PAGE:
soy wax and paraffin wax candles side by side on a table


  • Affordable – Paraffin wax is relatively inexpensive compared to other wax options like soy and beeswax. The low cost makes it economical for large scale production.
  • Easy to use – Paraffin wax is easy to work with. It melts at low temperatures and has a smooth texture that pours and releases from molds with ease.
  • Versatile – In addition to candle making, paraffin wax has many other uses including as a lubricant, sealant, and in cosmetic treatments for softening skin.


  • Not environmentally friendly – Paraffin is a petroleum product created from crude oil refining. It is not renewable or biodegradable.
  • Produces more soot – Paraffin candles tend to produce more soot than soy or beeswax candles when burned.
  • May release VOCs – Some studies indicate paraffin wax can release volatile organic compounds when heated. The extent of VOC emissions is debated.
  • Not as natural – Those looking for all-natural candle options generally avoid paraffin wax since it is synthetically manufactured.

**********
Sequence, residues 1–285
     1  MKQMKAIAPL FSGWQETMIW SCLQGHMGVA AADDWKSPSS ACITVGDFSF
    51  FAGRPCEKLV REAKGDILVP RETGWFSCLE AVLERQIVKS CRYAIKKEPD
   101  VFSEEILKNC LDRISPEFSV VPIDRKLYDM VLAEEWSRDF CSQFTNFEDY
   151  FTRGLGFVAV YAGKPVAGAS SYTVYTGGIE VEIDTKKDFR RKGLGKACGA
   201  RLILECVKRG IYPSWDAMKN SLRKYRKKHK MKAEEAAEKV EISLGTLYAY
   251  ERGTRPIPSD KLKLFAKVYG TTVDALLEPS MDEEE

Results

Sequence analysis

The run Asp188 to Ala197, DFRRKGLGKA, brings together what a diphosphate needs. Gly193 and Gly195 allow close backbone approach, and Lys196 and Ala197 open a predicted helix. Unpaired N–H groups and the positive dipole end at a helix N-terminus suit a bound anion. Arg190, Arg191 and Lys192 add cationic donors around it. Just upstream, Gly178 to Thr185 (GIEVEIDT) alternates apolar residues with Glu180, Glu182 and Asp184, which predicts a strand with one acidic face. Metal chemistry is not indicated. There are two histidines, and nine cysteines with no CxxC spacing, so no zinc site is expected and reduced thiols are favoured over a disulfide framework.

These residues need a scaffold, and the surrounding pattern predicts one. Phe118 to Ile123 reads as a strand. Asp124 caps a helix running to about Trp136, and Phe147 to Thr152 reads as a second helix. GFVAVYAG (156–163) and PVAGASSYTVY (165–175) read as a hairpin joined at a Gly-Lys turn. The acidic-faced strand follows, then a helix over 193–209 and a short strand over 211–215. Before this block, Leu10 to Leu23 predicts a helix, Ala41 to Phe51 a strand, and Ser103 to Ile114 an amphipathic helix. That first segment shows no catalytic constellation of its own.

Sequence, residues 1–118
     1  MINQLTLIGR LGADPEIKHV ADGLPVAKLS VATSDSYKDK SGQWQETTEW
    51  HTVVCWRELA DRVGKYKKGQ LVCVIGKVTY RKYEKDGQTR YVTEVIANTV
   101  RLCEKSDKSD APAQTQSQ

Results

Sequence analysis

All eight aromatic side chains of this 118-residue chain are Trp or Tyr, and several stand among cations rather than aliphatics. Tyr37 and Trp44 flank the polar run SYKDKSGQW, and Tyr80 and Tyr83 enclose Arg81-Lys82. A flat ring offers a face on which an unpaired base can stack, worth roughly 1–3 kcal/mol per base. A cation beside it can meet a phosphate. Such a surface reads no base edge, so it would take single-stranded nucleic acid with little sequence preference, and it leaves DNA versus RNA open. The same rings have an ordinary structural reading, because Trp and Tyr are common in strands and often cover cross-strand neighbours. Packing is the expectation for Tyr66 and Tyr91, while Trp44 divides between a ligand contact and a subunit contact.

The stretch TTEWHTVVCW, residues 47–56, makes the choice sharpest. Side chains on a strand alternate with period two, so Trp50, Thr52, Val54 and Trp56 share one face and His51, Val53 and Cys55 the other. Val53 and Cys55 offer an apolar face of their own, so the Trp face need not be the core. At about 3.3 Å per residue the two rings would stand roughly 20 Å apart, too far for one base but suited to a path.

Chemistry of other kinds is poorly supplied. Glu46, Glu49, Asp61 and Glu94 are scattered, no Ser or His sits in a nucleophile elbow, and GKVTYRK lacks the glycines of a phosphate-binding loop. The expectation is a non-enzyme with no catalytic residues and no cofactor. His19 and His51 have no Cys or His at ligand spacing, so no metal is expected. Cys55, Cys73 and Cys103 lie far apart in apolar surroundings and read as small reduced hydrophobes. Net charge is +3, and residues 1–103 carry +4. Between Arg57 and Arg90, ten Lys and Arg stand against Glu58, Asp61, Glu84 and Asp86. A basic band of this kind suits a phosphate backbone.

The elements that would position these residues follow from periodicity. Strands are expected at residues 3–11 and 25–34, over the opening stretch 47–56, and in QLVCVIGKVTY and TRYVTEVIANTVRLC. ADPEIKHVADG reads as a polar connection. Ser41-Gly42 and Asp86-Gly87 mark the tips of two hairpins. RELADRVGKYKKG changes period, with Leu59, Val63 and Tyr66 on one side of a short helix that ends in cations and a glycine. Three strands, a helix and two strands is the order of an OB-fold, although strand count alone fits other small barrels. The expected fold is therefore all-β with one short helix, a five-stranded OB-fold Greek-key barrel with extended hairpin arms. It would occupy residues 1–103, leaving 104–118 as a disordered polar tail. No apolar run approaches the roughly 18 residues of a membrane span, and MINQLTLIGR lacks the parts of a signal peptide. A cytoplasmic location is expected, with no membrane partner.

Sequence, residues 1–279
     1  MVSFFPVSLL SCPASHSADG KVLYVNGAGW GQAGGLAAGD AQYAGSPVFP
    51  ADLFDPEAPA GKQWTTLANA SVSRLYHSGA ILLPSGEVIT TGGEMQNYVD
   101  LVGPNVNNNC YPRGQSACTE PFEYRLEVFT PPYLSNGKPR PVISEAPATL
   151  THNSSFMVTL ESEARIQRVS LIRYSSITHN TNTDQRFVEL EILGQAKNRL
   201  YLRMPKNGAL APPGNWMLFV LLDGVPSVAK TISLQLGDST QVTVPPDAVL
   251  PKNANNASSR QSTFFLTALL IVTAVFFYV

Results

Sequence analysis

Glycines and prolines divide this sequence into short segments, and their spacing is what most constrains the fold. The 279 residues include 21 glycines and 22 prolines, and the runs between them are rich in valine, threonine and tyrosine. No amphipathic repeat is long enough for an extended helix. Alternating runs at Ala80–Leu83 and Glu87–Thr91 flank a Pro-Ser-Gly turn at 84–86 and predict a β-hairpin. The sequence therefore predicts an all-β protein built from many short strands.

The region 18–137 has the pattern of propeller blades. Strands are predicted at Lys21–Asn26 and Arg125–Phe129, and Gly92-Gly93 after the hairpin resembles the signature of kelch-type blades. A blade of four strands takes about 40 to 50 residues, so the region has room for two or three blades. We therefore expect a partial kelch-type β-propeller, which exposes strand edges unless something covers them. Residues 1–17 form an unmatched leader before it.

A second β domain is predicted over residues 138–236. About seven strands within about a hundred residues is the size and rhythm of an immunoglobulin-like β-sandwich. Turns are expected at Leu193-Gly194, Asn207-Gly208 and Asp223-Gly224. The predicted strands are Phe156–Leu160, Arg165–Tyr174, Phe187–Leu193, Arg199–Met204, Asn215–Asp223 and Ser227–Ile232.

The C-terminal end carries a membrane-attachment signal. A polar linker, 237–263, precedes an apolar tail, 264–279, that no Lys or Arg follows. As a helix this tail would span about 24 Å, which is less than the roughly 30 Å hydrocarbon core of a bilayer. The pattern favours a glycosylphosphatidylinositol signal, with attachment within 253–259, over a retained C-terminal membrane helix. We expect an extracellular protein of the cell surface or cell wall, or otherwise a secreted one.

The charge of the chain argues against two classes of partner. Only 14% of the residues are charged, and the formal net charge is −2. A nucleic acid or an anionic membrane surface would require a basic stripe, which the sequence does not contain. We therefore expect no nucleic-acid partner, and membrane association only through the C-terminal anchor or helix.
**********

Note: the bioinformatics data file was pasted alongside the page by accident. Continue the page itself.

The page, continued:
Overall, the biggest advantages of paraffin wax are its very low cost and easy handling properties. The tradeoffs are that it is less environmentally-friendly and emits more soot compared to natural waxes. Candle makers need to weigh their priorities to decide if paraffin is a good choice for their needs.

Soy Wax vs Paraffin – Burn Time

When comparing the burn time of soy wax candles versus paraffin wax candles, there are some key differences to note. Soy wax typically has a shorter burn time than paraffin wax. This is because soy wax is denser and requires more heat to fully melt and burn up the wax [1]. Paraffin wax is softer and melts more easily, allowing it to burn for longer periods.